Protecting eyewitnesses who video cops is the point of proposed law

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Cellphone video of police has been a key element in the most prominent cases of police-involved shootings making headlines recently. In Baton Rouge and Minnesota, as well as in the Eric Garner case in Staten Island almost exactly two years ago, video recorded by witnesses has been critical in helping to determine what had happened.

However, after a variety of incidents in New York City in which bystanders who are recording video have been harassed, intimidated or even arrested by police, new legislation introduced Thursday aims to protect eyewitness videographers from prosecution.

One such case was the subject of a federal lawsuit filed last week. Ruben An, a private citizen, was arrested by three NYPD officers while he recorded them when they were responding to a call. His video, as well as that of the closest surveillance camera to the area indicate that he was not impeding the police call or violating any law during the incident two years ago.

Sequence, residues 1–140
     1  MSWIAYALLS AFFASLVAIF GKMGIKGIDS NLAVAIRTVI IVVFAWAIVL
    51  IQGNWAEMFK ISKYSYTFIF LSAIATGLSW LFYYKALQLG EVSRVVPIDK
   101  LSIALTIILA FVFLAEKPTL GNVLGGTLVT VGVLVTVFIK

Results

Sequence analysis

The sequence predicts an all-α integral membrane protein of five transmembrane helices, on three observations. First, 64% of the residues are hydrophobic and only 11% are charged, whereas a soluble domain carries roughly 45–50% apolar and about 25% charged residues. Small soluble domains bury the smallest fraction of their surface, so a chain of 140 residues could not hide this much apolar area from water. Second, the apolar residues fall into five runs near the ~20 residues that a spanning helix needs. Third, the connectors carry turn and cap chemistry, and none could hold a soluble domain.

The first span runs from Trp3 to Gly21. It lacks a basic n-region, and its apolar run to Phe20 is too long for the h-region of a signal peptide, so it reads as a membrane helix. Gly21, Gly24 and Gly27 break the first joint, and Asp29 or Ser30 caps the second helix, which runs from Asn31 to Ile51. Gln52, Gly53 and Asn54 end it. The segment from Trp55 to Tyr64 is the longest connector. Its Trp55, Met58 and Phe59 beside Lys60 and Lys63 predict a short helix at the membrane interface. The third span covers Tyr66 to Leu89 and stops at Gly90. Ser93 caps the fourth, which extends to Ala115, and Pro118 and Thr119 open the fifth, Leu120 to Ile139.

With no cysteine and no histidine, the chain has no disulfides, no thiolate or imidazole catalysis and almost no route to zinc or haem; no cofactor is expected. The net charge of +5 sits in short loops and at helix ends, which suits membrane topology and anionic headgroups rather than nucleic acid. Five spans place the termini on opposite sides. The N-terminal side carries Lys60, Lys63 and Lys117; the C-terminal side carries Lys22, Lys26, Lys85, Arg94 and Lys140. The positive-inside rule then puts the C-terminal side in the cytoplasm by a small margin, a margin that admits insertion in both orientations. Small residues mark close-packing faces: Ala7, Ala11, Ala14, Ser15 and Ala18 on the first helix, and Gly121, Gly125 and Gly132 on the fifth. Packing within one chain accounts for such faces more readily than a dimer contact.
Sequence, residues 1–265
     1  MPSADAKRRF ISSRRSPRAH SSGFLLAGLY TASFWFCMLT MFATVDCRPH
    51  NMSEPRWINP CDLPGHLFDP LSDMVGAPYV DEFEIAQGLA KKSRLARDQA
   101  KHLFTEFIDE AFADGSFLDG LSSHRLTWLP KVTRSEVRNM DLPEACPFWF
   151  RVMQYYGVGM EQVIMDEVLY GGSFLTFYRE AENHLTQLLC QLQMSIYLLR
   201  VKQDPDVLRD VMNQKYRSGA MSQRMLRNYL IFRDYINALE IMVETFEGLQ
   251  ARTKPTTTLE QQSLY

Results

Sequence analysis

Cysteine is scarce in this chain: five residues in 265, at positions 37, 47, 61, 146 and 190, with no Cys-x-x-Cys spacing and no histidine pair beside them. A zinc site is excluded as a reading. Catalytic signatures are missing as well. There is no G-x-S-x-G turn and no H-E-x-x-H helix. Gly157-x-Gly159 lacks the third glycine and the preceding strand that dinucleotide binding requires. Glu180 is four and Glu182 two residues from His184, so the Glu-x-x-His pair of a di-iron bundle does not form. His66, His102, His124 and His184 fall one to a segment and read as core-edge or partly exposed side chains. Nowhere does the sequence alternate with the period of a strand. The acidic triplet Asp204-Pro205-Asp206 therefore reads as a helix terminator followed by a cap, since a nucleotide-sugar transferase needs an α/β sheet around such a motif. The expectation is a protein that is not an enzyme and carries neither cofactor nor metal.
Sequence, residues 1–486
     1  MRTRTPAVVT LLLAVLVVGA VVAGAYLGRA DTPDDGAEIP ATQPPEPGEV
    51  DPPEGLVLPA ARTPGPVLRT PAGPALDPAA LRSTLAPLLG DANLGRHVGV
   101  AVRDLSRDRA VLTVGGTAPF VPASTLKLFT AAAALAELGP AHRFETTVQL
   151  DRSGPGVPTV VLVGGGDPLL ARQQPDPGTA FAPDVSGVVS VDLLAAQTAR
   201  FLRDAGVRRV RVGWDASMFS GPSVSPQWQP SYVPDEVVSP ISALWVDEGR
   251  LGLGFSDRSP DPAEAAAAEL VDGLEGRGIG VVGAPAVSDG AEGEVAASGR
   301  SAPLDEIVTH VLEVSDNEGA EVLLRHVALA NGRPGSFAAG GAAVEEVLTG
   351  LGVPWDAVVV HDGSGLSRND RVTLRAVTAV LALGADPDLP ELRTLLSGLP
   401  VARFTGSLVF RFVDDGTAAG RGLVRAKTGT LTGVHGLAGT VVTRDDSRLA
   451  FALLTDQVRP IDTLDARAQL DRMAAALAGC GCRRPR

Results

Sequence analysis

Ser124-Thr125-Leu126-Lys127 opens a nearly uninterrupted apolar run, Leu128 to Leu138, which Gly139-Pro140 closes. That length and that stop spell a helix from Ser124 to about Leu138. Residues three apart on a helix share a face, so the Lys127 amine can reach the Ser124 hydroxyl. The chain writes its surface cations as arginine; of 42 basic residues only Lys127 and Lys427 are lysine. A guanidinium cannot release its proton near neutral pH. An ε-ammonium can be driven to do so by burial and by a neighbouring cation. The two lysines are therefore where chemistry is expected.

The new legislation, called the Right to Record bill, is designed to empower people like Ruben An, as his attorney pointed out in an interview with PIX11 News.

"It forces the city to take more seriously" the right of citizens to record the officers that are policing them, said Cynthia Conti-Cook, a staff lawyer at the Legal Aid Society, who is representing An. She said that by providing the ability for people who feel they're impeded by police to sue for damages, the bill empowers eyewitnesses.

That's in addition to the basic right people have to record what they see, as pointed out by First Amendment attorney Erica Dubno. "The Constitution specifically protects free expression," she told PIX11 News, "but it also provides for the dissemination of information and, whether its press or public, videotaping and sharing that information."

Dubno, who has argued cases before the U.S. Supreme Court, said that the Right to Record bill enhances constitutionally guaranteed rights.

"This law, if passed," she said, "gives assurance [to citizens that] they can film, [and] that they will not be prosecuted."

The sponsor of the bill, Jumaane Williams, continued that analysis at a newsconference on the steps of City Hall just before he introduced the legislation.

"It's important to have statutes that back up the Constitution," he told PIX11 News. "Obviously, it's not clear for all officers, so we want [the bill] to help clarify things."

Williams and some of his fellow council members said at the newsconference that they feel they have enough votes for the Right to Record bill to pass.